The Aftermath of a Volcano
We set out for Johnston Ridge Observatory from Silverlake, 44 miles east on Highway 504.
Those aren’t socks on Jeff’s feet. It’s his tan line!
I’m just going to take you with us as we head to the closest viewing area of Mount St. Helens, from our first glimpse
to the ever-growing evidence of its impact.
Notice the mudslides.
As we get closer I can’t help myself from taking picture after picture.
I try to zoom in to get a closer view of the cavity left behind in the mountain.
We stop at a viewpoint pull-off. I take photos of the same views the informational plaques explain.
“On May 18, 1980, the bulging north face of Mount St. Helens slid into this valley… The landslide triggered a tremendous lateral blast that destroyed 230 square miles of forest. Within minutes, the eruption transformed the land… debris blocked the flow of several tributaries of the North Fork Toutle River. Water pooled behind these natural dams, creating new ponds and lakes. The blockage of Castle Creek formed Castle Lake.” (plaque at viewing site)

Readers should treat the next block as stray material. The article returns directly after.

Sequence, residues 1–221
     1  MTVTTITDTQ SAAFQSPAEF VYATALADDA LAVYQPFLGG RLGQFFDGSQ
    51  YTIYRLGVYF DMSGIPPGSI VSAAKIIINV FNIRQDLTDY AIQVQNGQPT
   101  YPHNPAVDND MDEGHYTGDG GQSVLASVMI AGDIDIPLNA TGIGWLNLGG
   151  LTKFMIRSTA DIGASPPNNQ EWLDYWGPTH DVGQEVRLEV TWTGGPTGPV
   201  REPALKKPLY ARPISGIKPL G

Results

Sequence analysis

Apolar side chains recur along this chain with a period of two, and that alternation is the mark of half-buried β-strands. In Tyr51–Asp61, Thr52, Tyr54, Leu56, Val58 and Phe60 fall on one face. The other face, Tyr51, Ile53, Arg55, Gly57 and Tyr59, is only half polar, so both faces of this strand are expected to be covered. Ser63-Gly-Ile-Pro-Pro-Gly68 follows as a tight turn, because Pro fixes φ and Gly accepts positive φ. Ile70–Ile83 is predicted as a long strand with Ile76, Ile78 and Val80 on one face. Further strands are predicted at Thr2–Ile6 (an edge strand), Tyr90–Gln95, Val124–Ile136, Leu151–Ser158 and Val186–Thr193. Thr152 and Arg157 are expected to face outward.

The closer we get to the ridge, the more I become aware of the destructive force of the mudslides, re-forming the North Fork Toutle, carving new channels, depositing sediment, toppling the forest, and eroding the valley floor.
These fallen tree trunks are “cemented” into the earth.
On state and private timberlands, fallen trees were salvage-logged. Six hundred truckloads of logs were removed from the mountain every day for more than 2 years. Fast growing Douglas and noble firs were planted in successive years to begin the reforestation process. (brochure from Charles W. Bingham Forest Learning Center at Mount St. Helens)
On US Forest Service lands within the Mount St. Helens National Volcanic Monument, however, the forest is returning at nature’s pace. The alder trees below have returned naturally.
Red alders thrive in the nutrient-robbed soil of the landslide deposits. Bacteria on the trees’ roots produce nitrogen to enrich the soil and encourage the return of the forest. (plaque at scenic site)
It’s truly amazing how resilient nature is… that beauty can blossom where destruction once reigned.